How Gerhard Richter reinvented painting
On the German artist's birthday we look at how he changed both figurative and abstract painting
Did you know Gerhard Richter once worked in a dark room? The great German painter, who celebrates his 84th birthday today, believes the stint of employment, as a young man in Dresden, East Germany, during the 1950s, caused him serious injury, not physically, but artistically.
“For a time I worked as a photographic laboratory assistant,” Morgan Falconer quotes the artist as saying in our brilliant post-war survey, Painting Beyond Pollock. “The masses of photographs that passed through the bath of the developer every day may have caused a lasting trauma.”
Yet the experience for the East-German born artist was key, as it spurred him on to develop and drive forward both figurative and abstract painting in a way few in the West could have achieved or even conceived.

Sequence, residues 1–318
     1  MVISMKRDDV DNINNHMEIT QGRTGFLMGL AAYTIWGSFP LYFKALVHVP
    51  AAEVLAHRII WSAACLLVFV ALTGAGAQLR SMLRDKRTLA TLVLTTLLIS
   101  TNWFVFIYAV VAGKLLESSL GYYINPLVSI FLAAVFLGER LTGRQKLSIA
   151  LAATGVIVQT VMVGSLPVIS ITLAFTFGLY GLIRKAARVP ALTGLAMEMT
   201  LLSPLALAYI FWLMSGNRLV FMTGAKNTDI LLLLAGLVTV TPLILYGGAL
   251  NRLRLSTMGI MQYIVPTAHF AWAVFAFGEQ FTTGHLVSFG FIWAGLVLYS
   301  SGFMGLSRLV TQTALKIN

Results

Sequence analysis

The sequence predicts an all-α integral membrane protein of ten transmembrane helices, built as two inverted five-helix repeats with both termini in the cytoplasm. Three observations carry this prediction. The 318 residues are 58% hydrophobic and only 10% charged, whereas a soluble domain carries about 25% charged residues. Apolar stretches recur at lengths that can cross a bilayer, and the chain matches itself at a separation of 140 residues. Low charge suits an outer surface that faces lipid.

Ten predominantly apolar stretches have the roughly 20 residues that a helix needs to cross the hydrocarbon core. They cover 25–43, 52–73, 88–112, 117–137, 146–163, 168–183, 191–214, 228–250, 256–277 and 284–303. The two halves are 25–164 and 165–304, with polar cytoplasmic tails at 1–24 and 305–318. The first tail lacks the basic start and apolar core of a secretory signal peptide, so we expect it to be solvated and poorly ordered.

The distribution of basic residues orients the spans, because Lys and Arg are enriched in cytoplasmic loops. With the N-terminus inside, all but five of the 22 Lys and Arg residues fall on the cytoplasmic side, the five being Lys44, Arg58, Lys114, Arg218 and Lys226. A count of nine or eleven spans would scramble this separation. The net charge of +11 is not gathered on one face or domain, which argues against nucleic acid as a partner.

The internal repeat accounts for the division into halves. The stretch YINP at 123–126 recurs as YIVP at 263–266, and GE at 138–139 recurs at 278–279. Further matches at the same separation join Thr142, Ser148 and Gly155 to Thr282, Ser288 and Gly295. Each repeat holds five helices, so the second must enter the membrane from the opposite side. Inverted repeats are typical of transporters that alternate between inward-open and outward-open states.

Richter’s dark-room days coincided with his employment as a socialist realist mural painter, creating the kind of rousing, figurative historic public paintings which were supposed to encourage loyal socialists to the national cause. These pictures left him hollow too, since they were, both in his view and in the eyes of his fellow countrymen, dumb works of propaganda.
There appeared to be more exciting painting going on elsewhere. Visiting Documenta II in 1959, across the border in Kassel, West Germany, “he was struck by what he called the ‘sheer brazenness’ of work by Fontana and Pollock” and left to study in Dusseldorf, West Germany in 1961.